The number of full sibling families detected in a sample of miracidia is a measure of the minimum number of worm pairs present in a patient. The strong covariation among genetic variables in our data suggests that genetic parameters could be used further: to depict relative worm burdens in patients. It is also possible that, given a large enough sample size, the true worm burden within a patient could be detected via the number of full sibling families. The challenge will be obtaining a large enough sample size to account for the true worm burden, a parameter that unfortunately may not be known without obtaining genetic data first. As shown in Table 1, the sample size necessary to detect most sibling families varies widely among patients. For example, for Patient 6, 75% of the miracidia collected were partitioned into robust full sibling families (>3) with a sample size of 81 miracidia. In contrast, with 412 sampled miracidia, only 49% were partitioned into robust families for Patient 3. However, it may be possible to obtain accurate worm burden estimates even without exhaustive sampling, by fitting the observed sibship sizes to an expected sibship size distribution to predict the number of unsampled sibships.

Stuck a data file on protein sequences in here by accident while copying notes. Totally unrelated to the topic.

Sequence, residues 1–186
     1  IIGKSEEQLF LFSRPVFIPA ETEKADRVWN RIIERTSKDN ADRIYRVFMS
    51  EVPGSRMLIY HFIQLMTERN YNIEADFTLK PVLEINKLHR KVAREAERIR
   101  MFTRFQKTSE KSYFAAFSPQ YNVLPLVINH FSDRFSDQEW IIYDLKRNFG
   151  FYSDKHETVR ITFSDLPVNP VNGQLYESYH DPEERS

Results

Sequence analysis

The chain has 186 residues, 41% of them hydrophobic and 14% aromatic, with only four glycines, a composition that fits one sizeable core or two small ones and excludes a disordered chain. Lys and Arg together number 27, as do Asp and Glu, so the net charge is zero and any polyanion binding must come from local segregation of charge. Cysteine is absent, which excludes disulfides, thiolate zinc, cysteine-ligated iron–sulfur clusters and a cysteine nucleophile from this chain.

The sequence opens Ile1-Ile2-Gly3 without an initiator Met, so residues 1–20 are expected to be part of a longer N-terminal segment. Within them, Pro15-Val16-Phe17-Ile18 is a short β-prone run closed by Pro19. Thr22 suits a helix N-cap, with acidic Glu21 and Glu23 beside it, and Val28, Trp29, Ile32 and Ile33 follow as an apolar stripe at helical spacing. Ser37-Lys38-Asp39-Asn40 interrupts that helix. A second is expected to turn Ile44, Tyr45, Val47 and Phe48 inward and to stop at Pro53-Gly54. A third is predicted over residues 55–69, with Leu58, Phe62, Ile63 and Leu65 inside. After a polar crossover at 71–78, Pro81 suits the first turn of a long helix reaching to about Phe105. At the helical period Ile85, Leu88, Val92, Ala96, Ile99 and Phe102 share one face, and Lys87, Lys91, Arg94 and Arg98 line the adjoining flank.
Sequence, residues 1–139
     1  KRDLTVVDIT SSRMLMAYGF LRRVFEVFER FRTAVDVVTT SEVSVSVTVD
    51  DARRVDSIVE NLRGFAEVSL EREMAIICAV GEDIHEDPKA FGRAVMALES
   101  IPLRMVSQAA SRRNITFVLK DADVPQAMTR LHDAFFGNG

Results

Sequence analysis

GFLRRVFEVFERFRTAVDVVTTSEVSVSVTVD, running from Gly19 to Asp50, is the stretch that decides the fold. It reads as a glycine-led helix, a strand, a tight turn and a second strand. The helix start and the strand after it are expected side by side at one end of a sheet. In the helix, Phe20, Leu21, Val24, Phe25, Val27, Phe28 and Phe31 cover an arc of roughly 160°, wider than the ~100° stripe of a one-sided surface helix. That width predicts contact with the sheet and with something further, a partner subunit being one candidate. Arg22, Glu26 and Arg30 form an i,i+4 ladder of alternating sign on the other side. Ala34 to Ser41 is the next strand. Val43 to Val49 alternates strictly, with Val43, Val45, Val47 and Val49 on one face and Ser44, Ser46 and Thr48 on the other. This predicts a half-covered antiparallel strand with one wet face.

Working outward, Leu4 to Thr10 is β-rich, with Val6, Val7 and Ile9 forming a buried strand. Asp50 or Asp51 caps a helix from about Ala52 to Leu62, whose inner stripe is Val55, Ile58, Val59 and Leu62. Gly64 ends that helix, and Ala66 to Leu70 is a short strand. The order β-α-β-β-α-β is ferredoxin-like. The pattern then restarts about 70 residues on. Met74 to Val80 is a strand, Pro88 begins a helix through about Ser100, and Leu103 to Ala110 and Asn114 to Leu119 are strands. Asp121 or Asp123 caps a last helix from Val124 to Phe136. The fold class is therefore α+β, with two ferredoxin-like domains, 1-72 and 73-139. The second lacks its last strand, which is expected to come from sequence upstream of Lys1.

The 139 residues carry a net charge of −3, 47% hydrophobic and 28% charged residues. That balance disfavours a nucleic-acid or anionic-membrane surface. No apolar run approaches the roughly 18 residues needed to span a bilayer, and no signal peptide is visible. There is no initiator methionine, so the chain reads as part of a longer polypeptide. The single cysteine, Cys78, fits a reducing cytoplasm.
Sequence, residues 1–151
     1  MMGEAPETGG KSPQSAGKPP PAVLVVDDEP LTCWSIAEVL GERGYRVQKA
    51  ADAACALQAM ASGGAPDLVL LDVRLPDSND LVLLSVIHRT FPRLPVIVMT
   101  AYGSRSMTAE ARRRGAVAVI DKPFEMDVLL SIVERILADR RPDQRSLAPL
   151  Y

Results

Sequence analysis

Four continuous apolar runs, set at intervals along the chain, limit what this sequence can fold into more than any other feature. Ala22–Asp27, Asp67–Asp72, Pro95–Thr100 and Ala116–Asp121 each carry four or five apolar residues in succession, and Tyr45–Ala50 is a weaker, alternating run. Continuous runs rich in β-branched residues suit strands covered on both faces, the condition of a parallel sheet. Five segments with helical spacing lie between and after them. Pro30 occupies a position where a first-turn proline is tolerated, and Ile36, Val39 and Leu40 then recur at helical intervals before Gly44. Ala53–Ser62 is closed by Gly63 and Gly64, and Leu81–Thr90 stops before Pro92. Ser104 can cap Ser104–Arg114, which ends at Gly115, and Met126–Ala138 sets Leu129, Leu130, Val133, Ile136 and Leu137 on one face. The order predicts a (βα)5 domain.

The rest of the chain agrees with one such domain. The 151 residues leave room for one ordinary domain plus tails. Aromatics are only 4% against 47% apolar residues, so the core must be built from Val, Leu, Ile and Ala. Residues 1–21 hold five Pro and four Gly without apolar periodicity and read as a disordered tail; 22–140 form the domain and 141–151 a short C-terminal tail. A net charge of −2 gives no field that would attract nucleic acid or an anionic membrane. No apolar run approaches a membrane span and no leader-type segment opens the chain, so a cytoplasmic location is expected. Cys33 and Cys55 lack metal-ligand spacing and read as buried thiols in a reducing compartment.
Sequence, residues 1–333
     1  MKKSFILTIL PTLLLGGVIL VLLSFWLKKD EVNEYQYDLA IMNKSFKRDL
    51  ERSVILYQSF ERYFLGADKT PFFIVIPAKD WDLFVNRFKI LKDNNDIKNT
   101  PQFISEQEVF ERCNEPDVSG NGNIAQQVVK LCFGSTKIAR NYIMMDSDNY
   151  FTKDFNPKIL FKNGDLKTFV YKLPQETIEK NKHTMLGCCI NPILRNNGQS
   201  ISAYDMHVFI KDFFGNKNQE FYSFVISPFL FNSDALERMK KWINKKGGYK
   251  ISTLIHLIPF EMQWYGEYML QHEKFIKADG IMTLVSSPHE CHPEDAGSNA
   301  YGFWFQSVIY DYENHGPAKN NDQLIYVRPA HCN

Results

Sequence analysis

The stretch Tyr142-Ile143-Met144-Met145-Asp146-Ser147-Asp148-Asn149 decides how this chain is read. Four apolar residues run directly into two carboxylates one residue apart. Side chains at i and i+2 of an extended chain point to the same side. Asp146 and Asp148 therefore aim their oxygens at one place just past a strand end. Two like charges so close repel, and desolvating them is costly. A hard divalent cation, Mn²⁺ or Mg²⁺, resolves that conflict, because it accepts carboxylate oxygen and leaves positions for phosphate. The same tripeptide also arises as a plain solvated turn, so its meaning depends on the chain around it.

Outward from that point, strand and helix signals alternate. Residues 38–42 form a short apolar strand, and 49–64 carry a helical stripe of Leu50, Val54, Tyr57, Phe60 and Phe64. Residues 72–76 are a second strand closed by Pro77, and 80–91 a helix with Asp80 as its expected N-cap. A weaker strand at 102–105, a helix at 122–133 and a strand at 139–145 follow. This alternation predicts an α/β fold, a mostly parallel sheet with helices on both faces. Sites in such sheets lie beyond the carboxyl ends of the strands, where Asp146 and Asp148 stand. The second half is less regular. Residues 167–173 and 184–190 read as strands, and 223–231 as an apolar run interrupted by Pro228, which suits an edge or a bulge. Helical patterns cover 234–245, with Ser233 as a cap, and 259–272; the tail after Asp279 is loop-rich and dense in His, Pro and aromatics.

The lack of correlation among fecal egg counts (i.e., Kato Katz) and our genetic proxies for worm burden is interesting, particularly considering the strong correlations detected with genetic measures even with a low sample size of 12 patients. The Kato Katz methodology for egg enumeration is known to be highly variable between fecal samples collected from the same patient and has been deemed unreliable by some particularly when worm burdens are low [67][69]. However, others have found evidence of reliability of this method across a broad range of infection intensities [e.g. 70], [71]. It may be that the infection levels in our study were not broad enough for the Kato Katz method to accurately detect relative differences in the worm burdens of our patients. Although we have no independent data to determine which approach gives the most accurate estimates of the true number of adult breeding worms, we suggest that genetic methods potentially give more reliable estimates of the relative number of adult breeding worms per host. These methods should be explored further because they could be valuable tools for epidemiological studies that measure the success of control programs.